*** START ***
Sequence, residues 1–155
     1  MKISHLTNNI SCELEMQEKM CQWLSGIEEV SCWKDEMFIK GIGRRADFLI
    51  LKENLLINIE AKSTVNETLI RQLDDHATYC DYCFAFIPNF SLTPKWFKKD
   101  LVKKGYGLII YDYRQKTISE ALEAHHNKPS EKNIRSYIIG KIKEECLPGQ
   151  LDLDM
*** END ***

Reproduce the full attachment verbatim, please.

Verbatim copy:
Sequence, residues 1–155
     1  MKISHLTNNI SCELEMQEKM CQWLSGIEEV SCWKDEMFIK GIGRRADFLI
    51  LKENLLINIE AKSTVNETLI RQLDDHATYC DYCFAFIPNF SLTPKWFKKD
   101  LVKKGYGLII YDYRQKTISE ALEAHHNKPS EKNIRSYIIG KIKEECLPGQ
   151  LDLDM